In part one of the Systems Thinking for livestock grazing challenges series, I introduced the systems archetype “fixes that fail.”
Systems archetypes are used to help managers describe what factors are driving complex problems in their operation. The article summarized how quick fixes often create an even more significant issue later down the road. It also covered how avoiding “fixes that fail” can help grazing managers avoid capability traps. In part two, we go further than “fixes that fail” to “shifting the burden.”
This article will help you understand the unintended consequences of quick fixes versus long-term fixes to grazing problems. The first image describes three causal relationships (loops). The first loop, B1: Waiting Out Drought, shows how a livestock manager may choose to purchase hay or feed during drought conditions to meet daily livestock feed requirements. The second loop, B2: Forage Capacity Management, describes the management decision to invest in building more forage capacity to have more available forage, hay, or feed to prevent forage shortages.
Like myself, you have likely been in this situation during a drought. Unfortunately, I was blind to a very real and growing problem, Limited Resources (R1). The third loop illustrates how the quick fix of purchasing hay and feed leads to spending large amounts of capital. Consequently, this diminishes a producer’s ability to invest in the long-term fix, improving forage capacity.
Improving forage capacity may take the form of enhancing pasture yields, increasing hay storage, or herd size management (avoid running operations at 100% capacity).
The graph demonstrates the differences in average cost over time between the quick fix and the long-term fix. The “Purchase Hay and Feed” quick fix results in cost spikes across the eight years. The quick fix has led to baseline costs in average years where drought or other issues do not occur. Notice how after year four, a drought year, the costs do not return to the baseline but remain high.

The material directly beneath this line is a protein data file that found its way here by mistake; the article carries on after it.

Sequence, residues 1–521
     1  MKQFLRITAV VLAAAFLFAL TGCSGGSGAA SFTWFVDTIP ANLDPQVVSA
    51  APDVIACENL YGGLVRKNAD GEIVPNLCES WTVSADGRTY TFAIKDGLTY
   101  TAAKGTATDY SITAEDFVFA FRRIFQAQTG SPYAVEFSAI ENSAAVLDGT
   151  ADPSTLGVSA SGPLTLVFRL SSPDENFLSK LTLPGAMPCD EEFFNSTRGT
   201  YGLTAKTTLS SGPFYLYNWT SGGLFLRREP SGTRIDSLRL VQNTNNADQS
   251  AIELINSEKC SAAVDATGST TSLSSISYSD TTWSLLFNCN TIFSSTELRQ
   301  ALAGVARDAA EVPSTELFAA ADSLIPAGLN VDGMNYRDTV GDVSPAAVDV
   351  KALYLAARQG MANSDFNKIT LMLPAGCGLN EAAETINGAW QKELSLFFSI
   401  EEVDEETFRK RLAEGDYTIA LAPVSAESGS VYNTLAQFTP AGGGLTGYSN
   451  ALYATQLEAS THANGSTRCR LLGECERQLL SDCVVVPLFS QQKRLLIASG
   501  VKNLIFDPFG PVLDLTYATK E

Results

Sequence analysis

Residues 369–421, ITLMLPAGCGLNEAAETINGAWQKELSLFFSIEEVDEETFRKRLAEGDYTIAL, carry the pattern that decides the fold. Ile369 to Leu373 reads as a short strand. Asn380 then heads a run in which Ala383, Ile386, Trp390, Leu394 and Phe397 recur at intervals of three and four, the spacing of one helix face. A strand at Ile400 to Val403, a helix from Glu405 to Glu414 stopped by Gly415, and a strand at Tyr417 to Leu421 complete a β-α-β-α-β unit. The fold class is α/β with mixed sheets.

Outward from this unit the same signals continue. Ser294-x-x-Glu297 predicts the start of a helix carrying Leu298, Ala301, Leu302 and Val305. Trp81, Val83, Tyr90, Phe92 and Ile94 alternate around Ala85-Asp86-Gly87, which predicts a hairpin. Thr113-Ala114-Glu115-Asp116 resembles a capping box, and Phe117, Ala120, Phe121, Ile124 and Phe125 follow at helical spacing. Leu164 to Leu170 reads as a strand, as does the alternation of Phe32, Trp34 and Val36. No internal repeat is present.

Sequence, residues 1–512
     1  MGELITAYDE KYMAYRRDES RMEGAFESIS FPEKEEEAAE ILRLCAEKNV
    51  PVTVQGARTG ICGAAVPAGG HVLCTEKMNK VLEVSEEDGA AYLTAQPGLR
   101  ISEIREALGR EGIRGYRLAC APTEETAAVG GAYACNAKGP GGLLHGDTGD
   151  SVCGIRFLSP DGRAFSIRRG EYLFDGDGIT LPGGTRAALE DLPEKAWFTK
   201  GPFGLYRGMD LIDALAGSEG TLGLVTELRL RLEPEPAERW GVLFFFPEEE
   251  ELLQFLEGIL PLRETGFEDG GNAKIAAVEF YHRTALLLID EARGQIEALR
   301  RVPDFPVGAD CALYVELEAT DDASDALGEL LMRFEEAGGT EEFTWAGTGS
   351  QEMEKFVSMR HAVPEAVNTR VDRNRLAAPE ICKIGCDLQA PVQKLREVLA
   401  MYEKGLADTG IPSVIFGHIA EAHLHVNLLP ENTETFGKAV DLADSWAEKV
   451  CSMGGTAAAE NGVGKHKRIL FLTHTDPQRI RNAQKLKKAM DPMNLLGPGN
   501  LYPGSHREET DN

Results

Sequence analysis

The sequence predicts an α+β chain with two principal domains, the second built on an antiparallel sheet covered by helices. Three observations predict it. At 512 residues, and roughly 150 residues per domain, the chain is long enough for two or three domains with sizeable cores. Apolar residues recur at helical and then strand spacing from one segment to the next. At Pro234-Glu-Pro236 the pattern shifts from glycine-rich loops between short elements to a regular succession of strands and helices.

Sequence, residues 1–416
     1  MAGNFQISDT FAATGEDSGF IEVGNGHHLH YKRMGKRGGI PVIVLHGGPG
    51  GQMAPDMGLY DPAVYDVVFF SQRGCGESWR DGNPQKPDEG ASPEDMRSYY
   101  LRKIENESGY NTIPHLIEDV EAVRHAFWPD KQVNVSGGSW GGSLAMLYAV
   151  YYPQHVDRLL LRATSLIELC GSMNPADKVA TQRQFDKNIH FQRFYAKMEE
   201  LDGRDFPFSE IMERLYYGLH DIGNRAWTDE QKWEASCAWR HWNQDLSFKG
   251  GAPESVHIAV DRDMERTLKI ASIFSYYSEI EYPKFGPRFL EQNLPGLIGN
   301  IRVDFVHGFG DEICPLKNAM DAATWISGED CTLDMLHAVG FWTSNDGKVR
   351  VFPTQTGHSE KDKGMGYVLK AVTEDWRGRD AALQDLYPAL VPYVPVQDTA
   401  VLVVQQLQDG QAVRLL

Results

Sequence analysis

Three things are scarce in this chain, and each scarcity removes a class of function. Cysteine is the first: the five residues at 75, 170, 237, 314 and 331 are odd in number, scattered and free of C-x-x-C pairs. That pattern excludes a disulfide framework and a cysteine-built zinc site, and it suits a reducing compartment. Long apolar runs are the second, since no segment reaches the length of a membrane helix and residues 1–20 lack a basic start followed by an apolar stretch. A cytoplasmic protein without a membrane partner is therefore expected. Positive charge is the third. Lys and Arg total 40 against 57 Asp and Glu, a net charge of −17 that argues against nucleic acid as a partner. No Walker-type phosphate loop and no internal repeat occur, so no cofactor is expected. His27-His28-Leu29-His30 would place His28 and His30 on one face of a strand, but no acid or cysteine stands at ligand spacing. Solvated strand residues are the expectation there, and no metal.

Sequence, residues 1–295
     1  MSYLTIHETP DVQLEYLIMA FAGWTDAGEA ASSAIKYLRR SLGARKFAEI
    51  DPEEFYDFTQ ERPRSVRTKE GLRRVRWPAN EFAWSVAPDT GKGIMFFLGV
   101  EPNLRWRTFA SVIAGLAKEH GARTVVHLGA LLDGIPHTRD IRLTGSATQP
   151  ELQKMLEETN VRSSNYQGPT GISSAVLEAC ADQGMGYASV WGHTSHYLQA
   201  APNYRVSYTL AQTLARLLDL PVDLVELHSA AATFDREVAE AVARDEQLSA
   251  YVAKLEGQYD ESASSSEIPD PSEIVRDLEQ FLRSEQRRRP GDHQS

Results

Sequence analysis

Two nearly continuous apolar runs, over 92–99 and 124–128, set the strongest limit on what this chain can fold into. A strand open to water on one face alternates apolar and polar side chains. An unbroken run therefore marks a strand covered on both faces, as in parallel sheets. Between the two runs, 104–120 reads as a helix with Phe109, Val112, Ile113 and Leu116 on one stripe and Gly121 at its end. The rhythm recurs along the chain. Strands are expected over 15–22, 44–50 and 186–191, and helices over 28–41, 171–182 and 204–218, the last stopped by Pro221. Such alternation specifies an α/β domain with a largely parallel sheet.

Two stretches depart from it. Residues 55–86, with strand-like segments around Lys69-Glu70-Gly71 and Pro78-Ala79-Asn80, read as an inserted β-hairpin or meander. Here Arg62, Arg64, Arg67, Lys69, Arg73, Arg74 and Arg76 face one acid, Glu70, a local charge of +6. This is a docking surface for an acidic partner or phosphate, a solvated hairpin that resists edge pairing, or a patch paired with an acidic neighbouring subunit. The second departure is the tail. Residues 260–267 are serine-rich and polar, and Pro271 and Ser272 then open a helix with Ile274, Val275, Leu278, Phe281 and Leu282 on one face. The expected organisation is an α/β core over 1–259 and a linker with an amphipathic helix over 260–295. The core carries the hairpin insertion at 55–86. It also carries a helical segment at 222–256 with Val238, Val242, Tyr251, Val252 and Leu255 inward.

Two important things have taken place. First, the producer is likely taking a profit loss from reducing their herd size by selling at low market prices. Although herd size is reduced, retained cattle likely still require additional hay and feed because pasture recovery has been delayed from overgrazing. Secondly, this situation limits (R1) the producer’s available capital and physical grass resources, preventing them from adopting alternative long-term strategies like investing in forage management capacity (B2).
Conversely, the long-term investment strategies would likely result in the producer remaining profitable and maintaining their desired herd size during drought. Benefits include rapid forage recovery after low soil moisture conditions because grass roots have not been severely damaged by overgrazing. You might be thinking, “easy for you to say, the long-term fix costs time and money; it is hard!”
This is absolutely correct, and there certainly is a delay before a return on investment is realized. Therefore, grazing managers should carefully consider the increased costs and potential profit losses under normal and dry conditions. Differences in time to see a return on investment also very among which strategy is implemented, such as improving yields compared to storing additional hay.
The important thing is to clearly understand the unintended consequences and delays to maintain clear expectations regarding short and long-term grazing management decisions. Applying Systems Thinking in the form of causal mapping and graphs over time is a great tool to help your operation assess alternative grazing strategies.